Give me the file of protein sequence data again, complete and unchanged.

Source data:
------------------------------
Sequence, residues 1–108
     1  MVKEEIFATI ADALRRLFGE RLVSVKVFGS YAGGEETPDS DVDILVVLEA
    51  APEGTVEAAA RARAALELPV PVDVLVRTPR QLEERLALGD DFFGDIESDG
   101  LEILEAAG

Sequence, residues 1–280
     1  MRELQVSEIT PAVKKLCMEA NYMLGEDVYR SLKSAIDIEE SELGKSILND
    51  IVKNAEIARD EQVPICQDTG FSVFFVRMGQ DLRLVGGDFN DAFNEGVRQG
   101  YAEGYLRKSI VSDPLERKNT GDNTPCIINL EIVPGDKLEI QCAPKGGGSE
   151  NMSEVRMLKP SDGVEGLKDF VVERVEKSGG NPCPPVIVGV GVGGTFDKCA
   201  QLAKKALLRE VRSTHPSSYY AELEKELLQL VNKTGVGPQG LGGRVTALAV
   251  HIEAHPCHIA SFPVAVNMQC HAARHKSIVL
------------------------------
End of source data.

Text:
Sequence, residues 1–108
     1  MVKEEIFATI ADALRRLFGE RLVSVKVFGS YAGGEETPDS DVDILVVLEA
    51  APEGTVEAAA RARAALELPV PVDVLVRTPR QLEERLALGD DFFGDIESDG
   101  LEILEAAG

Sequence, residues 1–280
     1  MRELQVSEIT PAVKKLCMEA NYMLGEDVYR SLKSAIDIEE SELGKSILND
    51  IVKNAEIARD EQVPICQDTG FSVFFVRMGQ DLRLVGGDFN DAFNEGVRQG
   101  YAEGYLRKSI VSDPLERKNT GDNTPCIINL EIVPGDKLEI QCAPKGGGSE
   151  NMSEVRMLKP SDGVEGLKDF VVERVEKSGG NPCPPVIVGV GVGGTFDKCA
   201  QLAKKALLRE VRSTHPSSYY AELEKELLQL VNKTGVGPQG LGGRVTALAV
   251  HIEAHPCHIA SFPVAVNMQC HAARHKSIVL